Working through the hiccups

hiccupIn every relationship, no matter how great, there are some hiccups: occasional miscommunication, unmet expectations, hurt and/or disappointment.

The test for any couple is how these hiccups are dealt with. Even a budding relationship has missteps as you get to know each other’s patterns, preferences and perspectives. It’s like dancing with a new partner — there will be some unintentional stepping on toes.

If you are unhappy about something the guy you’re seeing does, do you let him know gently but clearly? Or do you keep it to yourself? Do you take one instance as an indicator of a pattern and surmise it is a portent of bigger issues? Or do you give him a little slack and share with him that you’d prefer something different?

While some behaviors are indicators of bigger issues — he’s controlling, mean, inconsiderate, uninterested in your preferences — some are not. While the above are examples of reasons for cutting out ASAP, I find some women throw a man under the bus for minor infractions that can be modified if he knows and is interested enough to work on changing.

Case in point: King Charming (the man I’ve been seeing for 3 weeks) is retired and loves spontaneity. I, however, am a planner. This has caused us some hiccups when I think that when we talk about getting together the next day it is an agreement, his way of thinking is without a definite time and place, it’s a possibility not a commitment.

When this happened recently, I shared how I was disappointed. He listened attentively, apologized, and said he didn’t feel we’d set a date. We discussed this openly and maturely and agreed to support each other’s needs, but also to be conscious of the need to compromise. I offered that I wouldn’t take a suggestion we get together “later in the week” as a commitment, just a possibility. And he would be better at setting specific times and dates, which he of course would honor.

We agreed that we would work to have some planned spontaneity — we didn’t have to decide exactly what we’d do, just when and where we’d meet. I could then have my planning needs met, and we could decide in the moment what we wanted to do. Of course, if attire beyond jeans was needed, we’d make that clear.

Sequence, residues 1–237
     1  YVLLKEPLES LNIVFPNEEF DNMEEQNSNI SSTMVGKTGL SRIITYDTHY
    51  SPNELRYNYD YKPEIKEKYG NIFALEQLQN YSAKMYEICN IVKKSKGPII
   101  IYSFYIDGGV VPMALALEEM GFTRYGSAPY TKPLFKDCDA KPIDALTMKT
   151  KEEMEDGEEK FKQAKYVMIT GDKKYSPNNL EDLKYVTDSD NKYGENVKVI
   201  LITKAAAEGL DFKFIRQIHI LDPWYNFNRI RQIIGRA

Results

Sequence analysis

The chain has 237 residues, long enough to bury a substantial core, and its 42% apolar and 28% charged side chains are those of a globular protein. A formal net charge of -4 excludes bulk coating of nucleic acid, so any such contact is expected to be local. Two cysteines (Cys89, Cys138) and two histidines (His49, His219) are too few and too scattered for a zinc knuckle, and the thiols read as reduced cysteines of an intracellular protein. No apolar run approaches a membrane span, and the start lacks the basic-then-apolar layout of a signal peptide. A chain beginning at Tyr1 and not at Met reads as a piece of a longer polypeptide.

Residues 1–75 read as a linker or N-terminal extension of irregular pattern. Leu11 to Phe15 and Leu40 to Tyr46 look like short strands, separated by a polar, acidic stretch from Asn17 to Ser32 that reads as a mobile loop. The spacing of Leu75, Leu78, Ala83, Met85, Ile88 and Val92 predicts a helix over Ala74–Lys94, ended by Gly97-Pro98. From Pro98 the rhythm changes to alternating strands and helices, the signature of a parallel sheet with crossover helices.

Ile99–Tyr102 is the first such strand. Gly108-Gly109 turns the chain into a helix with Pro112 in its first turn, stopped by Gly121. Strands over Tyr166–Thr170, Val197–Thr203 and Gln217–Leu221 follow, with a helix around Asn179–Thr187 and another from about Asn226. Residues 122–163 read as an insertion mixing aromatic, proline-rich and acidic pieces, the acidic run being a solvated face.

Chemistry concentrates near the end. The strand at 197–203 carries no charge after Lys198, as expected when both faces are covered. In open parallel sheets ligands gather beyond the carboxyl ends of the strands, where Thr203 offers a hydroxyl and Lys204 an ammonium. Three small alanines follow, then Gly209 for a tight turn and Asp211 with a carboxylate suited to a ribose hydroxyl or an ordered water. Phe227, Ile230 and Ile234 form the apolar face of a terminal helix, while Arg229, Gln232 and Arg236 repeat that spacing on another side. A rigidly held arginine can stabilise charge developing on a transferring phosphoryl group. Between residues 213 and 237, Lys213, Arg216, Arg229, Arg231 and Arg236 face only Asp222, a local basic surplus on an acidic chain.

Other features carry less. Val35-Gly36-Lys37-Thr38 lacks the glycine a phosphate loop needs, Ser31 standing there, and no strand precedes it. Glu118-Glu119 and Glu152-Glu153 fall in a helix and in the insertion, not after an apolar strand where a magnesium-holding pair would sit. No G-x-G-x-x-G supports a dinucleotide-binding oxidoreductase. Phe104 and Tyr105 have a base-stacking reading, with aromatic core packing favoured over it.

If I’d flown into a rage the first time there was a hiccup, accusing him of disrespecting me and telling him not to call me again because I won’t be treated like that, I would have lost the opportunity to understand his point of view and see where we were crossing wires. By being willing to address it directly we saw where we had different mindsets and could then work at a mutually agreeable solution.

Physical hiccups are cured by holding your breath or sometimes by being startled. Neither are a good cure for relationship hiccups. Unless you consider it “holding your breath” to hold your tongue and not lash out about something that might have a different interpretation than the one you’re making.

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5 responses to “Working through the hiccups”

  1. nysharon Avatar

    It will be interesting to see how this plays out. I have my yellow flag up for you. Sometimes spontaneity is an excuse for inconsideration, lack of commitment and in general for being self-centered. It is good you set your needs out. Sounds like you came to a great compromise, and he does sound charming.

  2. nysharon Avatar

    BTW: check out this utube link about why men are better at getting their needs met>

  3. Dating Goddess Avatar
    Dating Goddess

    NY Sharon: That’s a fun video. Connie is a friend of mine and I’ve seen her do this bit a number of times.

    Yes, I, too, have a yellow flag up. Some friends tell me we’ve just barely begun to know each other so just take it easy breezy. My “Male Call” friend and I had lunch yesterday and he said, “This behavior doesn’t bode well so early in the relationship.” So we will see. I leave soon for another 2-week trip to Asia so we’ll see if he continues his frequent contact in my absence and continues it when I return.

  4. nysharon Avatar

    I agree with “Male Call”, just my experience also after dating the ‘slacker’ who was much fun, wanted to
    “go with the flow”; but I found that if I wanted to be in his world, I had to put up with accepting crumbs.
    That’s very cool that you know Connie. How funny I sent you the link. I think her stuff is very meaningfull. Just came across it by accident.
    BTW: I have been dating the ‘bad speller’ for over a month now. He is really prince charming, is telling me he has feeling for me, however I am not having the physical chemistry. I like hanging out with him but he is pushing a bit. Then we are talking and I find out he has the same birthday of my exhusband, along with other similar things. ewwwwe.

  5. Allison Avatar

    It’s my observation too that we do sometimes call things off rather than talk openly about needs that aren’t being met/things that are bothering us. This issue could certainly be a yellow flag, but now that you’ve discussed openly, you’ll have a much better idea (in a shorter time frame) if it’s really a problem. Now that you’ve talked, if he continues doing it, voila, there is your answer.

    Much better than making all kinds of assumptions that may or may not be true.